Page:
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Possible Federal Action on Credit Rate Hikes

This article was written by in Credit. 10 comments.

Nationwide, and probably on your street as well, credit card issuers are making life tough for consumers by raising rates and adding fees on otherwise good customers.

The recently passed Credit CARD Act of 2009 is meant to protect non-risky customers from arbitrary rate hikes, among other things.

Now, Senator Chris Dodd of Connecticut is asking Federal Regulators to review recent actions taken by credit companies and possibly force them to undo these punishing moves. Since the law doesn’t go into effect until 2010, he wants Bernanke and company to start regulating retroactively to the beginning of 2009. Specifically, he wants:

credit card companies to review every six months any account where the interest rate has been raised since January 1, 2009. It also directs the companies to reduce the rate if the customer has become less of a credit risk or the circumstances that warranted the increase are no longer present.

It’s basically taking the spirit of the law recently passed and helping out non-risky customers now instead of later. Of course, in light of what we recently learned about how credit issuers decide what makes a person risky, I’m sure there are still plenty of loopholes available.

Sen Dodd seeks review of credit card rate hikes, Karey Wutkowski, Reuters, July 9, 2009

Published or updated July 10, 2009. If you enjoyed this article, subscribe to the RSS feed or receive daily emails. Follow @ConsumerismComm on Twitter and visit our Facebook page for more updates.

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About the author

Smithee formerly lived primarily on credit cards and the good will of his friends. He is a newbie to personal finance but quickly learning from his past mistakes. You can follow him on Twitter, where his user name is @SmitheeConsumer. View all articles by .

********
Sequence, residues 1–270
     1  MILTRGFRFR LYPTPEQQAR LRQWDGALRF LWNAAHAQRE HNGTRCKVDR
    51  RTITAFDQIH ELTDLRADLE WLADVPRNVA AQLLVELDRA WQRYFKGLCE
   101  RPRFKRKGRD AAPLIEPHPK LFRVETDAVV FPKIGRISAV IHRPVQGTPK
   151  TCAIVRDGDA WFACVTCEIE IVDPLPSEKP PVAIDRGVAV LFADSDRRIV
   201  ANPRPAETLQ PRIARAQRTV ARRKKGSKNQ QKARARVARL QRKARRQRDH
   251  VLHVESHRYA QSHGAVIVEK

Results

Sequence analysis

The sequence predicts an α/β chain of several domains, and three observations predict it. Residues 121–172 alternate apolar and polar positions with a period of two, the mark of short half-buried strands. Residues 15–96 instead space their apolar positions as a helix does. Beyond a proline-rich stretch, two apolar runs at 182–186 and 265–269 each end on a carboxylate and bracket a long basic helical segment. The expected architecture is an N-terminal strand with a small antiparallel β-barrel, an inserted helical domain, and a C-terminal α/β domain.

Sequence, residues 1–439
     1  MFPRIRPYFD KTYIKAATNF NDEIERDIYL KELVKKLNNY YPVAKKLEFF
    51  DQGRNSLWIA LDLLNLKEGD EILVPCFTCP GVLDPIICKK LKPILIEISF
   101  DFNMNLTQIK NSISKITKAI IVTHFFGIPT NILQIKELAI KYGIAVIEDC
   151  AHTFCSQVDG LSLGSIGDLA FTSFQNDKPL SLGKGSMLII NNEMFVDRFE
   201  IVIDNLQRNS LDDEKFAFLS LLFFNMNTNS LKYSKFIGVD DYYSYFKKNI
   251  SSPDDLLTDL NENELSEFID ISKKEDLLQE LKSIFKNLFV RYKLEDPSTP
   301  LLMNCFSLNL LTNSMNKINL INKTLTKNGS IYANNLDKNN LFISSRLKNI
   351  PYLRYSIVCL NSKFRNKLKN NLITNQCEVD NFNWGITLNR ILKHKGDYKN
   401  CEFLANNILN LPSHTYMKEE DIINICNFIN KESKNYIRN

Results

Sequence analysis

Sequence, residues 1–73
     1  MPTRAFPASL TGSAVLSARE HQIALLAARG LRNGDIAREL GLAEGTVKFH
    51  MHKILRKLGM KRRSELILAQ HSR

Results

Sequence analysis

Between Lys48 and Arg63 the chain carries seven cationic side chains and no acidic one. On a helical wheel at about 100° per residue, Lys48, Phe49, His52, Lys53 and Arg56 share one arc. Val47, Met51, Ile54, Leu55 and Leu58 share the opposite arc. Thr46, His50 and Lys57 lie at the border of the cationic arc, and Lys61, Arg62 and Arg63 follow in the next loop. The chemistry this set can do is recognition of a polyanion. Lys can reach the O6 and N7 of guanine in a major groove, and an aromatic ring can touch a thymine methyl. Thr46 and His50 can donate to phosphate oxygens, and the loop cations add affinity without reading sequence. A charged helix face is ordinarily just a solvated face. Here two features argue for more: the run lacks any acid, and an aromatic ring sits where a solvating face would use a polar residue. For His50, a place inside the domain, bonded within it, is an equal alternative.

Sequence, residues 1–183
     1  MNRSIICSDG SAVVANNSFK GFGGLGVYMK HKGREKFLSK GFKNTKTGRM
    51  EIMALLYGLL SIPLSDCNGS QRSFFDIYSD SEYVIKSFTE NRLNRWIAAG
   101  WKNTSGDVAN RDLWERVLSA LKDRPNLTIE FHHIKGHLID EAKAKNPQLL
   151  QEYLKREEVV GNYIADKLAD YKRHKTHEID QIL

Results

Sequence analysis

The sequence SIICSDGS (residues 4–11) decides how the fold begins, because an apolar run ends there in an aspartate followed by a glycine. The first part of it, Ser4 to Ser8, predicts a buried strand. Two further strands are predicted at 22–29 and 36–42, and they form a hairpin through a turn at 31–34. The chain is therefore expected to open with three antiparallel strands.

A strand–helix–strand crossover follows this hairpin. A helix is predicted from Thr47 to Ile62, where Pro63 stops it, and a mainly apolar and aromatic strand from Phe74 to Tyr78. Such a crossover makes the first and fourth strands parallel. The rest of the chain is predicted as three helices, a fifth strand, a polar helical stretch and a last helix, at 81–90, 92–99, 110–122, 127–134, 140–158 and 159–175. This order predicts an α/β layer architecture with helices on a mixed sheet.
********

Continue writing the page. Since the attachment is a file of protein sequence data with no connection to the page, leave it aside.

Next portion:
{ 5 comments… read them below or add one }

avatar Spiritwealth

Unfortunately, us “non-risky” customers became risky when they hiked our rates for no good reason. I’ve fallen farther and farther behind. Now, there’s notice that Chase Bank is increasing minimum payouts doubling or tripling the amount of money due each month with still 30% or more interest rates. These are the same people who took Federal bailout money.

I posted a potential solution to this problem using California’s new IOU system and outstanding credit card debt: http://spiritwealth.wordpress.com/2009/07/09/dear-arnold/ Yeah, it was tongue-in-cheek, but I really don’t think the banks want to get people to pay or to clear their ledgers. I think they are milking the US taxpayer and then heading to China after we’re all bankrupt.

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avatar David

My Chase Bank credit card also had a big rate hike. It went from 9.5% to 21%. Though I carried a balance only on infrequent larger purchases, paying off the balance most other times well within the grace period, they still upped the rate big time. I would really like to close the account, but it seems that this move is not the best one to take as it can damage one’s credit score. I say don’t give them any more “bailout” money; let the succors fail, then maybe, just maybe, we can start with a fresh and hopefully more equitable financial system.

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avatar Spiritwealth

You know it’s bad when a financial adviser is telling me to “bail” on my credit card debt to force them to settle. Sound familiar? When was the last time you had financial advisers telling their clients to “just turn in your keys” and bail? If everyone does this, say “bye, bye” to the U.S. dollar.

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avatar Dave

As I recall, ex post facto (retroactive) laws are illegal under the Constitution. Heck, imagine a world where you can be punished for breaking laws that don’t even exist yet.

Dodd is probably just trying to distract from the alleged sweetheart treatment he received on his Countrywide mortgage. I wouldn’t look to him for ethics when it comes to finance.

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avatar Affacturage

Let’s face it: despite many people’s protestations to the contrary, too many folks have an automatic trust of government. When there is a problem, many of us don’t like to think of government as the problem but as the solution. Add to that the near phobia that many have about economics as business and what do we get? Pretty much what we have now: a government going billions of dollars IN debt in attempts to get the economy OUT of debt, We get a government doing such idiotic things as bailing out companies for whom bankruptcy is imminent and buying up banks.

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